The world-class pianist the world never heard play

In 1921, a 15-year-old Monica Gupta almost realised her passion for playing the piano. Her daughter talks about her memoir

  • Published 23.03.19, 11:54 PM
  • Updated 23.03.19, 11:54 PM
  • 3 mins read
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Monica Gupta's fascinating story is now a book titled Colonial Bungalows and Piano Lessons — An Indian Woman’s Memoirs Image: Malavika Karlekar’s personal collection

A boat ride from Chinsurah ghat, followed by a walk through a crowded bazaar to Naihati railway station, a train to Sealdah, and thereafter a ride in a horse-drawn carriage to her elder brother’s house, early lunch there and then another ride to Loreto House in central Calcutta. And then all of it again, in the reverse. It was 1921 and 15-year-old Monica Gupta made this journey every week — albeit chaperoned — all for piano lessons from Mother Germaine of Loreto House.

The audience in the large hall at Alliance Francaise du Bengale listened with rapt attention as Malavika Karlekar spoke of her mother’s journeys to and through music at a recent talk organised by the publishing house, Sampark. Malavika is author and editor of the Indian Journal of Gender Studies and has been dwelling on women’s narratives since the 1980s. She originally worked on her mother’s handwritten exercise books only to familiarise her extended family with Monica’s story. Later, Monica’s memoirs were published as Of Colonial Bungalows and Piano Lessons — An Indian Woman’s Memoirs; Malavika edited it.

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That evening, 40 people sat in the dimly lit room on the second floor of Park Mansions, as Malavika spoke to academician Julie Mehta about another time, another music. It seems Monica, the only daughter of civil servant Jnanendra Nath Gupta and his wife Sarala Dutt, had her first piano lesson when she was eight. Her teacher was an Englishwoman, the wife of the local civil surgeon at Rungpore — now in Bangladesh. Says Malavika, “It was from those first lessons that her love for the instrument grew.”

The book reads like a series of journal entries, although it was written nearly half a century after the events it documents. It describes idyllic days in sprawling government bungalows with wide verandahs and red cement floors. It talks about little everyday rituals — elaborate lunches, afternoon siestas, biscuits for tea and English dinners, interactions with pet dogs, deer, monitor lizards, a crocodile, launch rides and outings with cousins, an indulgent father and a strict mother. But the one thing that appears and reappears is the piano.

The talk is titled “Music Room: A Bengali Woman’s Journey Through Music Lessons”, but it may well have been called A Bengali Woman’s Negotiations With the Piano. Malavika reads out loud about the time when Monica got her first piano.

Those days her father was posted as commissioner of Burdwan division in Chinsurah and the Guptas lived in what was once the Dutch governor’s home, with marble floors and a grand staircase. That was when Monica got her own piano. She writes: “…a Rachals upright piano, an instrument with a deep mellow tone and it became very precious to me”.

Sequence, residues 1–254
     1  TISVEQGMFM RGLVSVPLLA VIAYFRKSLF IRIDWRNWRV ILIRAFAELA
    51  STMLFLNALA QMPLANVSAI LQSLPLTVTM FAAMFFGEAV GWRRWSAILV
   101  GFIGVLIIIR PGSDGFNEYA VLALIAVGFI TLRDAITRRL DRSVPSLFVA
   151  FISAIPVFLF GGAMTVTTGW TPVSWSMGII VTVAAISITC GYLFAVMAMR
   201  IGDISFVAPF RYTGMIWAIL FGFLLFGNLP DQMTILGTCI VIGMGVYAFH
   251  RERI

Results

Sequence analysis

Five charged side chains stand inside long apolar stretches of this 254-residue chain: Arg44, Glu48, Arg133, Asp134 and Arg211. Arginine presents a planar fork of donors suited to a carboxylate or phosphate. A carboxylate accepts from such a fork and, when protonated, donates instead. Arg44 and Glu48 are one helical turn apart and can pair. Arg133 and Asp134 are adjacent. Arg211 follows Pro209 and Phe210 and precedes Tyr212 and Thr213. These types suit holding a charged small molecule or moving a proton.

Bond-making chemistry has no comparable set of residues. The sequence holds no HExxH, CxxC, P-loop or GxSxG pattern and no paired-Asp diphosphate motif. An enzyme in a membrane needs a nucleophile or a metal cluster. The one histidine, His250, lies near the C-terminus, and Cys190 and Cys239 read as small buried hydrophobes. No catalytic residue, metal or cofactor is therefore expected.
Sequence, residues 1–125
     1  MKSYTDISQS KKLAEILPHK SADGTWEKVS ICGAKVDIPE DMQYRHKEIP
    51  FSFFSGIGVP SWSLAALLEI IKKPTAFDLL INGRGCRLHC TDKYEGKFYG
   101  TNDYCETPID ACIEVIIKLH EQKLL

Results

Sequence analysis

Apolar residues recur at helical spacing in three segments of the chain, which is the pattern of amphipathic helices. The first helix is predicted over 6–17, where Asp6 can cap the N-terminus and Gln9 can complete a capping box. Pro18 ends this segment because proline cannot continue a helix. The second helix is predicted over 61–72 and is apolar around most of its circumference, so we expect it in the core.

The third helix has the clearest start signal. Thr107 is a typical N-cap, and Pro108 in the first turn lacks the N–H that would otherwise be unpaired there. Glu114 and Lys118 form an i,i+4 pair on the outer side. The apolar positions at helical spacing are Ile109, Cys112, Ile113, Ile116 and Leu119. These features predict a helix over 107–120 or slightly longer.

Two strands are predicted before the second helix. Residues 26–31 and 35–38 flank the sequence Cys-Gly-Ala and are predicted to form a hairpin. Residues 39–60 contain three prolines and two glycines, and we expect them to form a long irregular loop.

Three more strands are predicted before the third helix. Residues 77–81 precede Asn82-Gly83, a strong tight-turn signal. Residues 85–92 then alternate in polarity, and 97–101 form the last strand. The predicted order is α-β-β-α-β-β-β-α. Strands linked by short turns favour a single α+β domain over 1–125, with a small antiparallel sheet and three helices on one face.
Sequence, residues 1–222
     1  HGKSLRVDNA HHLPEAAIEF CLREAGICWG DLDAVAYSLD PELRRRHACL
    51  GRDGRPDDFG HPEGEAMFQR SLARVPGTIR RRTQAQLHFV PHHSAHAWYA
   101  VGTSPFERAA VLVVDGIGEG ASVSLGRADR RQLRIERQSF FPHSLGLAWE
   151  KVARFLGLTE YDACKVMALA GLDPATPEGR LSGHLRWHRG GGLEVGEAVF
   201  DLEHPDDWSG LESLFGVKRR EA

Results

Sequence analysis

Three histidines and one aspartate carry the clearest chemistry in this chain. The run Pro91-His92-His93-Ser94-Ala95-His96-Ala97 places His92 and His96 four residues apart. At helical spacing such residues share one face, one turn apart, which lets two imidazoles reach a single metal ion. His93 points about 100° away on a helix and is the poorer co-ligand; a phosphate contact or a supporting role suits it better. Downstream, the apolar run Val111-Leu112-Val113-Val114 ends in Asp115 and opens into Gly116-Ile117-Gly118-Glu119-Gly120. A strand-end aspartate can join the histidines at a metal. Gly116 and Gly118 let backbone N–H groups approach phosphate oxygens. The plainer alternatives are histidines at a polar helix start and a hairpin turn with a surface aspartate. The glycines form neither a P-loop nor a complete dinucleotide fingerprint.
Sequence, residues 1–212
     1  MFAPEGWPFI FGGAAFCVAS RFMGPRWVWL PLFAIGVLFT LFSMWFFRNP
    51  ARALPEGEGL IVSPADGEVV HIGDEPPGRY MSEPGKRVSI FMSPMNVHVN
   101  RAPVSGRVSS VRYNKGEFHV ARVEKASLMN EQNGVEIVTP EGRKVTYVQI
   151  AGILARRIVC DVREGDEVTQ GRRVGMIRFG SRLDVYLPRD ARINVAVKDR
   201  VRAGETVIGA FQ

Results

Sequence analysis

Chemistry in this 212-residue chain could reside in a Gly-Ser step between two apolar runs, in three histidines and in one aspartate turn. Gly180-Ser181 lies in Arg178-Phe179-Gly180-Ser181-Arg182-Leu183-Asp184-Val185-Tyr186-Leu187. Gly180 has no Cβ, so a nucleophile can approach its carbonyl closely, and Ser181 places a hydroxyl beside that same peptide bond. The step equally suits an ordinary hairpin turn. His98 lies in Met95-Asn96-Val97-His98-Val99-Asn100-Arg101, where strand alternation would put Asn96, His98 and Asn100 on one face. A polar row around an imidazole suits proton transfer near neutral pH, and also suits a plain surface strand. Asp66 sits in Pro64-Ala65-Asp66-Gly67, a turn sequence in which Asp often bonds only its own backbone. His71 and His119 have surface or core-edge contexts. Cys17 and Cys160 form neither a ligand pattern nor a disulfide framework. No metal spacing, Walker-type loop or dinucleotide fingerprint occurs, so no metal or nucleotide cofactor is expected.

The young girl wanted to keep the piano in her bedroom so that she could practise whenever she wanted to, but her mother insisted on keeping the instrument in the drawing room. It was after all a status symbol, she wanted to advertise that her daughter could play the piano. It was an accoutrement, Monica observes in her memoirs, alongside the ability to ride and play tennis.

Monica writes that her mother Sarala — the daughter of the second Indian ICS, Romesh Chunder Dutt — was an accomplished rider and tennis player, although she does not remember having ever seen her mother atop a horse. Malavika tells the audience that she too cannot remember ever having seen her mother, Monica, play the piano. “In fact, I don’t remember there ever being a piano at home. But I did see my mother play tennis,” she says.

But Mother Germaine had believed that Monica was a really talented pianist. And she must have been, for she was chosen to record a piece given that she was the best student of her school. In her words: “Mother Germaine, was very anxious that I should proceed to England and try to join the Royal Academy of Music for further tuition in playing the piano.” The nun invited a Monsieur Sandré — who founded the Calcutta School of Music — to hear Monica play. And Sandré too told her that if she was serious about her music, she should try to go abroad for further training. When Monica mentioned this to her father, he said he would consider it, but that was the end of the matter.

Did it rankle, this subterfuge, even after all those years; long after Monica Gupta became Monica Chanda? The memoir has been penned by an adult, but its lines are made poignant by a child’s sentiment, a child’s resentment fighting with her loyalty to her parents and losing to it. Monica argues against her own talent saying: “Unfortunately I had no such confidence in myself — however much I loved the instrument, I knew I lacked the physical stamina and strength for the long hours of practice required to be judged to join the Academy and be selected to appear for the L.R.A.M. [Licentiate of the Royal Academy of Music, a professional diploma]. Also, I had very little knowledge of the theory of music.”